Geof said...

Thank you for your response.

I think that what you ended with is a truly admirable goal, and I believe that everyone in America can agree to that. The usual problem with the situation is that people have a tough time agreeing on what is exactly the best way to do it. Some say hands on, some say hands off. Our army on the ground is in a great position to effect important change, hopefully for the betterment of everyone involved, American and Iraqi.
Then again, having an army in another person's country has its own set of problems, many of which have already been on this site.

The worrisome thing about the Saddam-WMD-Iranian War situation is that it was part of a Cold War-Good vs. Evil mentality that made deals with unsavory people in the pursuit of a greater purpose. Whether or not those deals needed to be made in the first place is whole nother kettle of fish. More relevant to the current situation is the fact that most of those deals have come back to bite us. What we need to watch out for in this War on Terror is the same type of thing, where we cosey up to unsavory types for the sake of finding terrorists.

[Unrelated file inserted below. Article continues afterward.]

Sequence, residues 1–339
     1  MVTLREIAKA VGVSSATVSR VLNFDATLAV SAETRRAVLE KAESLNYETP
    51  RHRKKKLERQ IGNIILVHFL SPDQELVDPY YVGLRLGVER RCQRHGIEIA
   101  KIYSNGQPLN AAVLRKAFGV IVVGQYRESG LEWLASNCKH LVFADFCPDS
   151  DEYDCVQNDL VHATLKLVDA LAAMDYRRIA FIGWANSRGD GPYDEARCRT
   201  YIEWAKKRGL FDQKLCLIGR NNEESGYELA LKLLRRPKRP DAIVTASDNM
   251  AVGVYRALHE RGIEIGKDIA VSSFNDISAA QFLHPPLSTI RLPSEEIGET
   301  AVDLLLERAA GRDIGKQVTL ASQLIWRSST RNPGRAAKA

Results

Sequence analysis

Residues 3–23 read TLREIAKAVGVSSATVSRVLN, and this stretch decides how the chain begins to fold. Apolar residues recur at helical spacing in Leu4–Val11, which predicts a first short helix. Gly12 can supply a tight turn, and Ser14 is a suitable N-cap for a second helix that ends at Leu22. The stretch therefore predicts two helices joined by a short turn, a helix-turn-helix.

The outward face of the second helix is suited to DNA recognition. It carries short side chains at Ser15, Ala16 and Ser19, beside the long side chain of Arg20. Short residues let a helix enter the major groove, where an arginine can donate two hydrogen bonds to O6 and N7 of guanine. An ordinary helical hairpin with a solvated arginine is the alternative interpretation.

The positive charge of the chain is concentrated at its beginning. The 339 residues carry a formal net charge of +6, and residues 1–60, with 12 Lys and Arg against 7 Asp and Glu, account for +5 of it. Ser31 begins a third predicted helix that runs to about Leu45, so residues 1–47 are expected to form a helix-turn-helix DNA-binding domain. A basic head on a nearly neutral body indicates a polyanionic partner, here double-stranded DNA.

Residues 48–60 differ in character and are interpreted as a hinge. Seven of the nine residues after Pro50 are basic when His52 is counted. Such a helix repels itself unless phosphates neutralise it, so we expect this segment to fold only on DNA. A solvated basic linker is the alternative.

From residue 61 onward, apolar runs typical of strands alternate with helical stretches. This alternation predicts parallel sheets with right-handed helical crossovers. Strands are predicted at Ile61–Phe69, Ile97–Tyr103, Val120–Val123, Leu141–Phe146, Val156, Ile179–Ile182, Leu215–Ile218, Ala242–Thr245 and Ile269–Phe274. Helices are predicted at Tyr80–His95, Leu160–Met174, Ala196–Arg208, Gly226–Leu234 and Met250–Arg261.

How this Iraqi government turns out is of the utmost importance. Now I don't expect you Army guys to be omniscient about everything that's going on over in Iraq, but is there any sort of sense about how effectively the government is being put back together? Democracy and freedom is all nice and dandy, but what happens if it turns out a majority government that is either highly religious, or anti-American (maybe not rabidly so, but at least not friendly), or both?

Frank Staheli said...